Advice from the Experts

Spay/Neuter mandates could be counterproductive

Article Tools
By Steve Dale
Tribune Media Services

Q: You've spoken out against mandatory spay/neuter and I've followed your comments. Now the issue has come up in our own community. Part of what precipitated this was an increase in the number of dogs and cats abandoned due to the bad economy. Can you comment? -- D.H., Las Vegas, NV

A: I'm all for spay/neuter and I believe all shelter animals should be spayed/neutered before adoption. However, even this edict is increasingly fuzzy for me, as there's mounting medical evidence that for some breeds or mixes, early spay/neuter may hasten specific serious medical problems.

Of course spay/neuter is important because for most animals, there are overall health benefits, and spay/neuter also aids population control. However, I oppose the proposed mandate to spay/neuter all pets in Las Vegas over the age of 4 months. Passage would have many unintended consequences.

Fearing a mandate, pet owners reluctant to spay/neuter would visit their veterinarians less. This would be counterproductive since vets (next to shelters) are the leading proponents of spay/neuter. Also, not seeing the vet is not in the best interest of pet health or public safety (rabies vaccinations would decline if pets were not taken to vets).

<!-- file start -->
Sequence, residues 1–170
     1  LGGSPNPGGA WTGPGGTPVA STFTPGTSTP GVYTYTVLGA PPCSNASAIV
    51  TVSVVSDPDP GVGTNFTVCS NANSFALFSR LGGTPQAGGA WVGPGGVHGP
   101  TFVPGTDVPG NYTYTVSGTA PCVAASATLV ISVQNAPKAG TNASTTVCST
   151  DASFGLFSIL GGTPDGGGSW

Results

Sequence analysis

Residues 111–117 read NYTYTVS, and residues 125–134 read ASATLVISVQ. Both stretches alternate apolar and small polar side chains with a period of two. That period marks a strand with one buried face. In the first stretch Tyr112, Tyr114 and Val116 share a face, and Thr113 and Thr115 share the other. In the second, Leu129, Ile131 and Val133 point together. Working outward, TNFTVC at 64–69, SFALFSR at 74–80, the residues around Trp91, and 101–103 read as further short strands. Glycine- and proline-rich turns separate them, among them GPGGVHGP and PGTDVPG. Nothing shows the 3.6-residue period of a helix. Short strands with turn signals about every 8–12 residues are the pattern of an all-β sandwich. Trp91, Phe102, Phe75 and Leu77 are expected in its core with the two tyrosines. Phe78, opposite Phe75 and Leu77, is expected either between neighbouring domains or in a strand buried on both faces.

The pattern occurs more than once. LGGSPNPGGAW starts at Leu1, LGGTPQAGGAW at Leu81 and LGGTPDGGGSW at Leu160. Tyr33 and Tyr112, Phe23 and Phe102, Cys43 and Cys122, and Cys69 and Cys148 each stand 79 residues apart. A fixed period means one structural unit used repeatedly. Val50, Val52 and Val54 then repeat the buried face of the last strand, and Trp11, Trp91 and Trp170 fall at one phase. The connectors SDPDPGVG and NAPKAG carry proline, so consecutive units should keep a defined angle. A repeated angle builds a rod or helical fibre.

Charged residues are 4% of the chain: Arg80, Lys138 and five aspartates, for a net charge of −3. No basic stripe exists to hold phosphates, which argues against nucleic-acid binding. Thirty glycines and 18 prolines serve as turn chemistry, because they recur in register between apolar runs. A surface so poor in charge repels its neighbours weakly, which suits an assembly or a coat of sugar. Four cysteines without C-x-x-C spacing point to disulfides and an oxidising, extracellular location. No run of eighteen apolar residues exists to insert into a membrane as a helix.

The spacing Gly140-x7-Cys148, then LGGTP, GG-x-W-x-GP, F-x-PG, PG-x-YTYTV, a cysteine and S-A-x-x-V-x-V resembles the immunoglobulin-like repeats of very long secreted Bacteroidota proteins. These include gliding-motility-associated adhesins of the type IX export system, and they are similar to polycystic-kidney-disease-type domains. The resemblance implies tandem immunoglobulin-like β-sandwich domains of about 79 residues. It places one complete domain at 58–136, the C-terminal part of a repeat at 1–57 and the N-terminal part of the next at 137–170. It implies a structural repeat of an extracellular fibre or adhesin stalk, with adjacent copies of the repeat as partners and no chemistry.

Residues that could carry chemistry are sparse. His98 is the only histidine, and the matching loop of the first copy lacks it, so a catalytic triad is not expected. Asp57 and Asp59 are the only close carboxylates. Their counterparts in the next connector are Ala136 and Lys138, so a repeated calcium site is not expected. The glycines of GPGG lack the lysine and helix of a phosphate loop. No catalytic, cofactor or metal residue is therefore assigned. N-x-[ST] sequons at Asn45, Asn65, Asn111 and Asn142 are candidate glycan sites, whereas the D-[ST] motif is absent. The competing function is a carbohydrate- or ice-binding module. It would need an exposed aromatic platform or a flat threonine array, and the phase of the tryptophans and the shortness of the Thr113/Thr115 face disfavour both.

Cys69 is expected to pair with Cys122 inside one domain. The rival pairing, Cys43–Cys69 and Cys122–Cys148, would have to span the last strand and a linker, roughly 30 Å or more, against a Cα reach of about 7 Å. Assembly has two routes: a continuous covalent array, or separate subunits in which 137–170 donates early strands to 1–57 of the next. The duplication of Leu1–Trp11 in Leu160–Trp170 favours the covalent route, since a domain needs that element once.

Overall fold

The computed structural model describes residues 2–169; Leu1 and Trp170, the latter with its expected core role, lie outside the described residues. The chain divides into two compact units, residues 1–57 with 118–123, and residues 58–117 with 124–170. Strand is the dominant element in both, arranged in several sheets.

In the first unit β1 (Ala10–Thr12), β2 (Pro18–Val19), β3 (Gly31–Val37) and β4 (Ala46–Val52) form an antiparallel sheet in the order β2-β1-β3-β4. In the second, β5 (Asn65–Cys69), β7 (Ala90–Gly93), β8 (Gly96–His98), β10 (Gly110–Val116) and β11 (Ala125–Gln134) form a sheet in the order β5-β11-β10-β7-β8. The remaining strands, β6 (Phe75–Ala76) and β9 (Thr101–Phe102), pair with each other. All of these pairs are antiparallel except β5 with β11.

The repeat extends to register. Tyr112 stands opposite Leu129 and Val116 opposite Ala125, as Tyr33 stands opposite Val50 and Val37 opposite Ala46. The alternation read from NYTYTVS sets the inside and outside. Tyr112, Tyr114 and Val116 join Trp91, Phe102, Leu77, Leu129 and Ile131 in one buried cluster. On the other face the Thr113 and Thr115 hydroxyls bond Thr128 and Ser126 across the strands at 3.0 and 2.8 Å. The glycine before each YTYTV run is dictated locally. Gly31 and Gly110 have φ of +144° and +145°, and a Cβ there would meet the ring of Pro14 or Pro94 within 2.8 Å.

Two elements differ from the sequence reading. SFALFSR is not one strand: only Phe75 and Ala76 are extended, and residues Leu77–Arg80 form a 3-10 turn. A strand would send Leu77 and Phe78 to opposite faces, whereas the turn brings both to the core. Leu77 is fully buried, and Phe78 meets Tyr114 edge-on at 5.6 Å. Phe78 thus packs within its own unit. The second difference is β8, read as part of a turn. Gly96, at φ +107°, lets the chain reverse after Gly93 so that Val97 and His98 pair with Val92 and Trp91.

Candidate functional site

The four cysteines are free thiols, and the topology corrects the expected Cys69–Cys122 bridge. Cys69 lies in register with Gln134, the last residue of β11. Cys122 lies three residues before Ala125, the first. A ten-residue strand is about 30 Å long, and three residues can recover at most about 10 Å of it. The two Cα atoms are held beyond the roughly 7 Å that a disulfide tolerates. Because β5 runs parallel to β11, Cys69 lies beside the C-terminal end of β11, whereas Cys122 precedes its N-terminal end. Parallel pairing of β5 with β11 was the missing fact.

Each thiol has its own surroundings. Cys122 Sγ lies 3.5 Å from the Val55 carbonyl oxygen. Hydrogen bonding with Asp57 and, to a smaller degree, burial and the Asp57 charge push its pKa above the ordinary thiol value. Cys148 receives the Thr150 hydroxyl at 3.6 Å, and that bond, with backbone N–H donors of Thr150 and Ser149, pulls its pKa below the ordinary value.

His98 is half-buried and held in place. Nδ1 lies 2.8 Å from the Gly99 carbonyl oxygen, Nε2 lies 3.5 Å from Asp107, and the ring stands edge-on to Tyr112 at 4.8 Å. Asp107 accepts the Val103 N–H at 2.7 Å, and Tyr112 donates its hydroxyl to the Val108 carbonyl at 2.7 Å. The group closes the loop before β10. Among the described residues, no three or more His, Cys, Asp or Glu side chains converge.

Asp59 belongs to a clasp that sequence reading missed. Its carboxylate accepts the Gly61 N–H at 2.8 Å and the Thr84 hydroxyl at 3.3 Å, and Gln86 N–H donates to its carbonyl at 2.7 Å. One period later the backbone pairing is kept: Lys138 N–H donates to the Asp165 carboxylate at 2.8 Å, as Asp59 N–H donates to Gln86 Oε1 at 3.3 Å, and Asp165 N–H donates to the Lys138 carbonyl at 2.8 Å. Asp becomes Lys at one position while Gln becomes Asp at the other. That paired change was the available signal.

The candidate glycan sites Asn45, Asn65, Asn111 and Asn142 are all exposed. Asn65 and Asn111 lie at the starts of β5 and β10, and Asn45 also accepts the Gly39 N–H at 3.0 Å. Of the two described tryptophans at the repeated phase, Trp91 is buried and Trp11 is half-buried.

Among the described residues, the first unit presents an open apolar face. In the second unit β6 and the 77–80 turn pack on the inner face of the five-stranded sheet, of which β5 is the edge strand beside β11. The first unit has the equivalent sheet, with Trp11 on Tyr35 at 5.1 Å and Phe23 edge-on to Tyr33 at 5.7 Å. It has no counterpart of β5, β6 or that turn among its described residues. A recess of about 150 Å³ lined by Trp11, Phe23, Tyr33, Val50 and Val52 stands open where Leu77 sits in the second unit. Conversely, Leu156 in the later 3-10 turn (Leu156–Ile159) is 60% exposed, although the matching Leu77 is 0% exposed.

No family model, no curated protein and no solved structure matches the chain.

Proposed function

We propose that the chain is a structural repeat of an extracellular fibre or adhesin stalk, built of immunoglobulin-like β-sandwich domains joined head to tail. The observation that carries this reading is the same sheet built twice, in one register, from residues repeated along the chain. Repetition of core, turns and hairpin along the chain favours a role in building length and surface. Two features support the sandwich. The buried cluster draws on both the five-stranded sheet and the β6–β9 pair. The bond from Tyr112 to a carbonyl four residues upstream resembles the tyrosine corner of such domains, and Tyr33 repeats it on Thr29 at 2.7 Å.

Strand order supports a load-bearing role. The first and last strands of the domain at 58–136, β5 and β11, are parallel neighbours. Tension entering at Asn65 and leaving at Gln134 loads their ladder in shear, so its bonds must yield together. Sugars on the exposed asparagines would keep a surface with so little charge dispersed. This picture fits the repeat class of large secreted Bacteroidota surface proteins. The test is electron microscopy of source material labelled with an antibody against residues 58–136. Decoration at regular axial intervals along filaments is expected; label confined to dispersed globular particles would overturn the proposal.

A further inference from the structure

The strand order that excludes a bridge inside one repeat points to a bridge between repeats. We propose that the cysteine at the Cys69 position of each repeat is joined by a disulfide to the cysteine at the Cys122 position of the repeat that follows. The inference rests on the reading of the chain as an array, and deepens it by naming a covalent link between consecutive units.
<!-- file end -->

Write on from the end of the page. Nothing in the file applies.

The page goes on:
In general, people don't spay/neuter because they can't afford the procedure. In my view, the answer is to provide low-cost or free spay/neuter. In Los Angeles (where a mandate was passed), and in Chicago and the state of California (where proposed mandates failed to pass), proponents spent huge amounts of money on lobbyists to support their efforts. I suggest that instead of paying arm-twisters, a huge number of spay/neuters might have been financed.

Another reason some families don't spay/neuter is based in long-standing cultural beliefs. Sociologists tell me government is generally not successful at mandating cultural changes. Such changes occur over time through education, particularly when proponents reach out to youth. Besides, the decision to "fix" your pet is not the government's business.